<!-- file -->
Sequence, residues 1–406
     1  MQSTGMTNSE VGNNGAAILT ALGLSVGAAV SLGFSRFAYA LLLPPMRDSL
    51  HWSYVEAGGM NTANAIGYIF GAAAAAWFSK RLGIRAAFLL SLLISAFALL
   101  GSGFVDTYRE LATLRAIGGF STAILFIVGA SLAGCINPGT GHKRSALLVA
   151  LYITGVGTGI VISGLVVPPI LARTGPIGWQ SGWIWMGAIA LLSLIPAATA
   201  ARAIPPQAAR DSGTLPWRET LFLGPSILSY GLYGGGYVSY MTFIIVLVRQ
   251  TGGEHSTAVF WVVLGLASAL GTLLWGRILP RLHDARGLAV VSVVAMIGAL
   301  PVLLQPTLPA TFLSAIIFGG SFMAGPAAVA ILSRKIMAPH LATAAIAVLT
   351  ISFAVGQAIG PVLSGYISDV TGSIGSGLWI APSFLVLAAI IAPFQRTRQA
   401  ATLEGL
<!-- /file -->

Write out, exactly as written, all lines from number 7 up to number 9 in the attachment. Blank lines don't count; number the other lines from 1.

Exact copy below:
   251  TGGEHSTAVF WVVLGLASAL GTLLWGRILP RLHDARGLAV VSVVAMIGAL
   301  PVLLQPTLPA TFLSAIIFGG SFMAGPAAVA ILSRKIMAPH LATAAIAVLT
   351  ISFAVGQAIG PVLSGYISDV TGSIGSGLWI APSFLVLAAI IAPFQRTRQA